The up-and-coming practice saw off strong competition from the likes of Fisher Cheng, which was highly commended, as well as ’experimental architecture office’ IJP Architects working with engineer AKT II, newcomer Adam Joyce, EPR Architects and Clerkenwell-based ALEKSA Studio.
Alma-nac, which won with its proposal the Upside Down House, is now set to build the £15,000 scheme at the Green Park Village development in Reading, which is being developed by St Edward, a division of competition associate Berkeley Group
While strongly appealing to children, the playhouse will also showcase emerging colour trends in residential design.
The competition judges, who included architect Will Alsop, said of the winning design: ‘The Upside Down House is a clear idea which reflects the open-ended nature of play and will really attract kids.
‘The architect has really considered colour, the technical aspects and the landscape. It’s a whole play area, not just a playhouse.’
Turning to Fisher Cheng’s highly commended proposal, The House That Eden Built, the judges called it a romantic idea ‘with an eccentric tropical aesthetic’, adding that the ‘shingle tiles, maze-like ground floor and flexibility of the concept’ had all impressed them.
The competition was sponsored by building materials firm James Hardie, a specialist in fibre cement façade
The firm’s UK and Nordics marketing manager Karen Ogden, who also sat on the judging panel, called the winning design ‘unique, intriguing and full of fun’, and said it complemented Green Park Village’s New England-type housing.
She added: ‘An exhibition will soon be taking place in the Green Park Village marketing suite to engage with existing and future residents and showcase the designs. Both James Hardie and partner Berkeley are very enthusiastic about realising the winning design which we think will be a real point of interest on the development.’
The House of Colour competition received more than 40 entries from both established and up-and-coming practices, from which the shortlist of six were selected.
Each of the shortlisted practices received a £1,000 honorarium for their time and Alma-nac will receive an additional £2,500 for working up and delivering its design on a one-off basis.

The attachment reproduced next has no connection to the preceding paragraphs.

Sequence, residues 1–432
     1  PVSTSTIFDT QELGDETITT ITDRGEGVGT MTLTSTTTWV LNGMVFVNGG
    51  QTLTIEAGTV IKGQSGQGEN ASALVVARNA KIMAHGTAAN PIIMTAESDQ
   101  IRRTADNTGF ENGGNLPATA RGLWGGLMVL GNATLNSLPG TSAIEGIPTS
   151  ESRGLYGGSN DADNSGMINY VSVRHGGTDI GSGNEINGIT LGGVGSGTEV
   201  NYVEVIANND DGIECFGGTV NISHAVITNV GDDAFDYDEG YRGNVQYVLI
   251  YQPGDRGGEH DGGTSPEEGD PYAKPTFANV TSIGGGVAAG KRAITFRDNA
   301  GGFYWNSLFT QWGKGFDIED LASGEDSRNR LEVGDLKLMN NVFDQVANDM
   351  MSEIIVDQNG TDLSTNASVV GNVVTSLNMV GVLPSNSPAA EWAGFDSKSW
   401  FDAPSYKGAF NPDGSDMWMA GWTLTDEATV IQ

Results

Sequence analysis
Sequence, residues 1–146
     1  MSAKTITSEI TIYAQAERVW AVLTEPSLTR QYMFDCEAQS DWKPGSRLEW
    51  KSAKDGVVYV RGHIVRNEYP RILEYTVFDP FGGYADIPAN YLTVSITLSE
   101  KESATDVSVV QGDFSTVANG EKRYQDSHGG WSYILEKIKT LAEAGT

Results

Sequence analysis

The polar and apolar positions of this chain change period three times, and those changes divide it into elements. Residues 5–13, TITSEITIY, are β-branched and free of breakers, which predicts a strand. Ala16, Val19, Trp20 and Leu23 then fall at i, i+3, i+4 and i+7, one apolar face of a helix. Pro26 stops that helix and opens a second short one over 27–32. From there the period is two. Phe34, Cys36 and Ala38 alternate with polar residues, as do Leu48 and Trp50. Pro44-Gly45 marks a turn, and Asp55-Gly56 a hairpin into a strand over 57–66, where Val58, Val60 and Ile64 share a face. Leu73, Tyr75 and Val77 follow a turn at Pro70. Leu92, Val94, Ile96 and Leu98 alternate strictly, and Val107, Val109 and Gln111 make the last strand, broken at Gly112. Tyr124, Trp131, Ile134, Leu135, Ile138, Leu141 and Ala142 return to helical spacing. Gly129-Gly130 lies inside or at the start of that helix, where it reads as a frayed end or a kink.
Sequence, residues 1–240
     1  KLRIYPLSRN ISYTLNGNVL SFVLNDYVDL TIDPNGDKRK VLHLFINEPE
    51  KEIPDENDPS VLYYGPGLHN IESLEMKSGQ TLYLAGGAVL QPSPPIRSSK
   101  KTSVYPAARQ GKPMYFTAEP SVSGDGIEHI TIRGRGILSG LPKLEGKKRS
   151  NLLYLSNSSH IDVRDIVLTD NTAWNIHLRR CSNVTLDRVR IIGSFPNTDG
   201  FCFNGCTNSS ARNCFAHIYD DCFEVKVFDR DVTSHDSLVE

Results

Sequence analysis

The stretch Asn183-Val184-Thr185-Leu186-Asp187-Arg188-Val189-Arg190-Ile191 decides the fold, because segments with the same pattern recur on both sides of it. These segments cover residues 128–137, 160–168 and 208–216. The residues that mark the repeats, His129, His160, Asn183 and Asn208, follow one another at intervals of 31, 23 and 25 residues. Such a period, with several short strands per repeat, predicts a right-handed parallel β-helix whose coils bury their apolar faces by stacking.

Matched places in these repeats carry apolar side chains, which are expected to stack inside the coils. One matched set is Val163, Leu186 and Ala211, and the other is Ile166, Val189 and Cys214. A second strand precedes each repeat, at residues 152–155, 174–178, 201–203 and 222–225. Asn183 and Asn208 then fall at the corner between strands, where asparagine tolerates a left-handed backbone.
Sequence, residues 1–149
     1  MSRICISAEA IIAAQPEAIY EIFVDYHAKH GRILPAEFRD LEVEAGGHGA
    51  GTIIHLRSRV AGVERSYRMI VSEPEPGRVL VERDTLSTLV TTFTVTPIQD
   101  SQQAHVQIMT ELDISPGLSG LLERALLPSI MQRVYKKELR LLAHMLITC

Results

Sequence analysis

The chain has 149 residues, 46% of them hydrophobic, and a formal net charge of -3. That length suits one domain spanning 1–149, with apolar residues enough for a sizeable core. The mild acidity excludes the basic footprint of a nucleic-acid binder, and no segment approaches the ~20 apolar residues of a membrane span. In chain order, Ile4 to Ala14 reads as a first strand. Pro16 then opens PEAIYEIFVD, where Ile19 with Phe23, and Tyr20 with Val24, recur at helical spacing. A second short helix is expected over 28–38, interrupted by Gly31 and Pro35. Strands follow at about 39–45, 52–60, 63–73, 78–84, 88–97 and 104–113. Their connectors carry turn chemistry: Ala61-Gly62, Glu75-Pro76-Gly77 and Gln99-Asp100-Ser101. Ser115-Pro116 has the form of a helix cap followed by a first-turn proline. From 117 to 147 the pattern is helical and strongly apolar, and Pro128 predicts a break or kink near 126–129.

The Upside Down House by Alma-nac
The Upside Down House is a playhouse that references some of the surreal worlds created in children’s stories such as Alice in Wonderland and the Pixar film Up. Its simple concept gives rise to a whole new world. The floor becomes the sky, the roof becomes the floor, enter through the chimney and slide out of the front door.
It maintains the joy of a good play/tree house – the ability to be ‘king of the castle’ and a hidden world where only children can go. Favourites like tunnels, slides, nets and ladders are all included but with a slightly strange context that sparks the imagination and forms the basis for stories and adventures alike. Each façade has its own adventures and its own colour. They can be seen as part of one house or four houses together, each with its own story. While displaying some recognisable elements associated with children’s play, the house in not intended to appear out of place in its surrounding context. Instead it draws on the formal language of Green Park Village and borrows architectural motifs from that context. The distortion and reorientation of these elements brings a sense of surreal playfulness to the suburban village landscape.
As a meeting space and destination for children and adults alike, the house is intended to be sited in an open area against a domestic backdrop, emphasising its subtle eccentricities and celebrating the colourful cladding material used throughout the village.
The House That Eden Built by Fisher Cheng
In the spirit of New England folk artist Earl Cunningham, The House that Eden Built explores the unsuppressed use of vivid colour, combined with the playful incongruity of unexpected objects. Cunningham’s paintings depict a unique view of New England as an Eden, and are the inspiration for the androgynous title of the project.
This year, ‘millennial pink’ has quite possibly reached its peak, with the shade proliferating catwalks and design shows alike. Although likely to hang around, its prevalence symbolises a wider trend toward hues that blur the boundary between colours that can be easily named. The use of colour combinations in more unexpected ways, as beautifully illustrated in Cunningham’s paintings, can add richness and enjoyment to the urban fabric.
The proposal draws from the colours of his painting Goose Rocks Beach, while placement of natural elements of palms, shark pools and flamingos add a cheerful and whimsical character to enhance children’s delight. Intrinsic to the idea is the requirement of children’s imagination in their interaction with the playhouse. There are no formal boundaries to the playhouse. Interactive panels that swivel with a push allow children to define their own spaces. A lonesome door may demarcate an invisible threshold into any space of the imagination. Windows are positioned where walls might be. The roofscape is further deconstructed to encourage imagination at spatial transition zones.
The Cave by Adam Joyce
The design proposes the playhouse as a free-standing pavilion. It also echoes the simplest form of shelter or home; a cave-like structure that appears as if a child has drawn the house with slanting walls and simple openings.